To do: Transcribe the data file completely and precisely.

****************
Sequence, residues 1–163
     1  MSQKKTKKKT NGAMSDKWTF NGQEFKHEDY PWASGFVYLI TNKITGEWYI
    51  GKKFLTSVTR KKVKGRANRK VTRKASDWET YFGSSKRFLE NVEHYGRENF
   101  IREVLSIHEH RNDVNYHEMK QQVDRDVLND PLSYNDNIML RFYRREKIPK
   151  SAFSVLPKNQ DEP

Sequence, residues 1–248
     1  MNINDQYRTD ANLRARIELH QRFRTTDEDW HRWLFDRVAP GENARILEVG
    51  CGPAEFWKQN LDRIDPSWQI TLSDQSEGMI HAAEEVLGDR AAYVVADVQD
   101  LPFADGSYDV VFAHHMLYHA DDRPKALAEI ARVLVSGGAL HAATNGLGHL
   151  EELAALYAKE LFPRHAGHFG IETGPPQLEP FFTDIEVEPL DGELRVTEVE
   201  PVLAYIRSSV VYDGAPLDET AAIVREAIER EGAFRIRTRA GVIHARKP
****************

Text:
Sequence, residues 1–163
     1  MSQKKTKKKT NGAMSDKWTF NGQEFKHEDY PWASGFVYLI TNKITGEWYI
    51  GKKFLTSVTR KKVKGRANRK VTRKASDWET YFGSSKRFLE NVEHYGRENF
   101  IREVLSIHEH RNDVNYHEMK QQVDRDVLND PLSYNDNIML RFYRREKIPK
   151  SAFSVLPKNQ DEP

Sequence, residues 1–248
     1  MNINDQYRTD ANLRARIELH QRFRTTDEDW HRWLFDRVAP GENARILEVG
    51  CGPAEFWKQN LDRIDPSWQI TLSDQSEGMI HAAEEVLGDR AAYVVADVQD
   101  LPFADGSYDV VFAHHMLYHA DDRPKALAEI ARVLVSGGAL HAATNGLGHL
   151  EELAALYAKE LFPRHAGHFG IETGPPQLEP FFTDIEVEPL DGELRVTEVE
   201  PVLAYIRSSV VYDGAPLDET AAIVREAIER EGAFRIRTRA GVIHARKP